A number of the parishes surveyed are learning to share responsibility guided by clergy who believe in it. One parish has developed strategy as a result of a three-day conference from which a vision statement was agreed. The goal was to rediscover parish church rather than merely to gather a congregation - to address issues of becoming a community rather than merely an interest group. The congregation is being freed to take on ministry within the community, and not to be trapped by time-consuming structures of the institution. It involves moving towards greater interdependence within the parish, helping the different communities to begin to relate together - discovering and using the gifts the congregation has to offer. As a result the PCC now makes appointments of lay staff after the vicar has discerned aptitude and gifts.

The vicar, meanwhile, is concerned to match gifts to needs, not just so that the life of the institution continues, but that individuals are encouraged to develop at their own pace. If necessary parish plans may be held in check so that the church progresses at the speed of the slowest rather than fastest members. He sees it important to lay himself open to members to be critical of him by encouraging feedback!


Working in teams for the enhancement of the Church's ministry is still for most parishes great in theory but slow off the ground in practice. Even in the high profile team ministries visited there is clearly a gap to be bridged between what the incumbent and the PCC aspire to, and what the average church member understands, let alone wants to be involved with. It is not always inflexible attitudes; often there is a communications failure between incumbents (along with support groups/PCCs) and the congregations.

For instance, the incumbent of a busy town centre church in Ipswich spoke of the difficulty of keeping members of the church informed of activities in the church pastoral centre planned by a pastoral team and executed by paid staff. The vision for this outreach is carried by a few, but there is little depth or cohesion within the congregation as a whole in supporting it. Because people don't know what's going on they have difficulty in owning the ministry.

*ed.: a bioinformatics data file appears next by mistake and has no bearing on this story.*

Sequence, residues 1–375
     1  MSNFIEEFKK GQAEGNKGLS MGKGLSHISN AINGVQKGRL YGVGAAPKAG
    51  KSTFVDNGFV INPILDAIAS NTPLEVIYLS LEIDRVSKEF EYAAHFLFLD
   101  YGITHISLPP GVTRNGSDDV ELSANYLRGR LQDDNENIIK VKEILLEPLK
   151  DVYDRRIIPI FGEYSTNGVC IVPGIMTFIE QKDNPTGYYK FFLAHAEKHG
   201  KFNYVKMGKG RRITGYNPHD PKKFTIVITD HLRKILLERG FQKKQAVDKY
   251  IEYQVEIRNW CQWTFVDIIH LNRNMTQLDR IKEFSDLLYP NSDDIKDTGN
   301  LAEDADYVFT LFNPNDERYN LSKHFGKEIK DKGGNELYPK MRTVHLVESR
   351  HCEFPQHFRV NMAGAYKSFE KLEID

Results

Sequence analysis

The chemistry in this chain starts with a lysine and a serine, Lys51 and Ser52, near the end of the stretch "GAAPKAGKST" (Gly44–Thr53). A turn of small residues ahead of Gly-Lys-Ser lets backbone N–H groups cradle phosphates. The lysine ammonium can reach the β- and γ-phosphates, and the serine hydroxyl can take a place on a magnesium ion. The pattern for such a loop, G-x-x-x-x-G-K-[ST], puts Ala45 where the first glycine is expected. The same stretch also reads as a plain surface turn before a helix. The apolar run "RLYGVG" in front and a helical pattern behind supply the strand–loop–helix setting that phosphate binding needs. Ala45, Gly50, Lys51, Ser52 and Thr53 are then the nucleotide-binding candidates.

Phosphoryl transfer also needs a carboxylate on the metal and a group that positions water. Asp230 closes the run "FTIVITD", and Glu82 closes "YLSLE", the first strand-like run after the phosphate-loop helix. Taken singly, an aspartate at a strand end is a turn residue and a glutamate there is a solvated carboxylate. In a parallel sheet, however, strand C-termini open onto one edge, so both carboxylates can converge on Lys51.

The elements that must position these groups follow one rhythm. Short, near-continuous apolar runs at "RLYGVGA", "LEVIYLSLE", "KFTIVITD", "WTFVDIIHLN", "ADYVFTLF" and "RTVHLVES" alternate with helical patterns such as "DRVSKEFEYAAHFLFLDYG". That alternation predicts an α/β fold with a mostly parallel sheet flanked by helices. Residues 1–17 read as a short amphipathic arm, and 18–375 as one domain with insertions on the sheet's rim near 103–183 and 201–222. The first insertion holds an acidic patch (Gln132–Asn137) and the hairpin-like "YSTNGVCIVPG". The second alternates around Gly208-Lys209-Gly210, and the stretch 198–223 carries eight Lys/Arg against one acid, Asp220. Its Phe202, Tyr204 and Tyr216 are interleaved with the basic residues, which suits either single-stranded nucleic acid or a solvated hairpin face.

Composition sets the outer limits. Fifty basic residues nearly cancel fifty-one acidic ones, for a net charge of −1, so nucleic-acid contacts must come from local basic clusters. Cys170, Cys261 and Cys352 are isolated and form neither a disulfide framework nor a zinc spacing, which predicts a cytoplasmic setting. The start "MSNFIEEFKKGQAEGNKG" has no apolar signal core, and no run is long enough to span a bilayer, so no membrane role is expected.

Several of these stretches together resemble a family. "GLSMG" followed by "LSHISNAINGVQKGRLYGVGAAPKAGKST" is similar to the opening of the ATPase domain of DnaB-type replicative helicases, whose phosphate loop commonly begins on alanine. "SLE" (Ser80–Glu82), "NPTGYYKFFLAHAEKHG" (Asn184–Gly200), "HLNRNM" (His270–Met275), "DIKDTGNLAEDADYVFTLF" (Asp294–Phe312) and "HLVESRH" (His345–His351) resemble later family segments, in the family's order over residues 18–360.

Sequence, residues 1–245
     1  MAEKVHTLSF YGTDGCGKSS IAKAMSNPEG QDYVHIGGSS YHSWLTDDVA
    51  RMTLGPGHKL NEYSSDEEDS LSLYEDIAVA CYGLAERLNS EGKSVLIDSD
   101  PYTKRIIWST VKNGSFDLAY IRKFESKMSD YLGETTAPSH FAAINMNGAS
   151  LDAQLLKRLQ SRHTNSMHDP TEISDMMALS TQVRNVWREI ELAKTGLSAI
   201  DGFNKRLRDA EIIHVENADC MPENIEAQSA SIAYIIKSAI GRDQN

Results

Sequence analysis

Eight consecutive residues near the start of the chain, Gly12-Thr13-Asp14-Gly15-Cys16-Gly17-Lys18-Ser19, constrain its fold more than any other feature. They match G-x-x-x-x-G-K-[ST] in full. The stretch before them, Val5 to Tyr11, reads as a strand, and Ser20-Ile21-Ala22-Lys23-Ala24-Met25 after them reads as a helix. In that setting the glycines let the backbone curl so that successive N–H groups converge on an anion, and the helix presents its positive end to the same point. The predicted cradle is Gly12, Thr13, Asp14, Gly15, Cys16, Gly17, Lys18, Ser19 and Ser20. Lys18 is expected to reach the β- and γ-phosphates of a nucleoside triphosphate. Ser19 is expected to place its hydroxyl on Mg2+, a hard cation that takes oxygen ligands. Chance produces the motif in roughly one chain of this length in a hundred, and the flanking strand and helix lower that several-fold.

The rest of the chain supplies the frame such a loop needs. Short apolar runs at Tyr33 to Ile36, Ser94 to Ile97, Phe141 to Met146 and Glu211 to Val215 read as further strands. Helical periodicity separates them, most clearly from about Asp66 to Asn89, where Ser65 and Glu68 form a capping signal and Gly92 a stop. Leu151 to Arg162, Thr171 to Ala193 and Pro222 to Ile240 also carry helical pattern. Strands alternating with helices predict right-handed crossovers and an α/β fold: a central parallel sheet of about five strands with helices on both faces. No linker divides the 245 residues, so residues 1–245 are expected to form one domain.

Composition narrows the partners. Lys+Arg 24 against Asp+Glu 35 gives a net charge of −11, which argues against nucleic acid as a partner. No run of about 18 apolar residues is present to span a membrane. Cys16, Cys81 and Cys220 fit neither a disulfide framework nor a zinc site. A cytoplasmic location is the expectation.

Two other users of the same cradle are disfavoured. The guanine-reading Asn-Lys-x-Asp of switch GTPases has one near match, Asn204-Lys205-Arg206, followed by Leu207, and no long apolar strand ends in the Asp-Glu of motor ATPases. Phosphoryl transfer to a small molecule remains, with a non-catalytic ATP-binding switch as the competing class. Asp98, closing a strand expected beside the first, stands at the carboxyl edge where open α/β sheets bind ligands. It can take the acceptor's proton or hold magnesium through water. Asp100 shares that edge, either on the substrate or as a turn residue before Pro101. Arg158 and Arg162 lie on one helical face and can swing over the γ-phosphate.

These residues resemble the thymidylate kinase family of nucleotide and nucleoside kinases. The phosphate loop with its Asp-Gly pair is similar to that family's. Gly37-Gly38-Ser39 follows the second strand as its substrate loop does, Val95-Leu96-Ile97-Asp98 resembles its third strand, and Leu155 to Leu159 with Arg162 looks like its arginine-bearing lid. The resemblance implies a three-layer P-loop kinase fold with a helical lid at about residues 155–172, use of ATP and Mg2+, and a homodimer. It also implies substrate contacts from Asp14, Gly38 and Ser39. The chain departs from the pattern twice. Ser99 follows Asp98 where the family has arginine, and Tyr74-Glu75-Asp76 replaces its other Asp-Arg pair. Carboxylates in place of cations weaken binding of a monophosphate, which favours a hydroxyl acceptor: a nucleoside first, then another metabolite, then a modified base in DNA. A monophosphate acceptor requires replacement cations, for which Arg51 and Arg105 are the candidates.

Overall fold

A vicar of a council estate in Dartford, Kent, talked about one of the consequences his parish is facing through successful growth. He has introduced a vigorous programme of outreach with very good results; so much so that old-established members feel out of touch with what is going on. Some feel unsupported and marginalized. There is a lack of mature leaders able to nurture the converts. The congregation is struggling to come to terms with the inevitable changes and challenges brought about through the impact of new converts on the life of the church. It does not yet have a common understanding of its mission, or a common purpose for outreach.

Each of these stories highlights the need to communicate to every member the vision and goals that drive a church programme. As important as vision-building and planning is for a church to respond at all adequately to its mission in the local community, yet just as important is the need to carry the congregation along and to unite members in sharing the vision and supporting the programme actively.

In contrast is a positive note coming from a united benefice - a group of churches in Norfolk that has come to terms with - and now welcomes - the advantages of belonging to a group. Over the years a pattern has emerged that enables just two stipendiary clergy to serve seventeen churches, keeping all open and offering a Sunday service in one church of each of the pairs. Congregations have settled for Holy Communion twice a month in each pair. A team of Readers maintains the non-eucharistic services. Likewise, the 'group message' has been heard and accepted that worshippers from any of the churches in the group are welcome to attend services at any of the other churches. There is a freedom to belong to the wider body without feeling disloyal to one's own home congregation.

And a vicar in Bromley described how he encouraged his PCC to work at a mission statement until a satisfactory wording was achieved. He then called a meeting for the congregation to explain what lay behind the words and to encourage questions, opinions and reservations to be aired. The process of unpacking the vision statement had the effect of inviting the whole church to share in the process of discovering its vision for mission.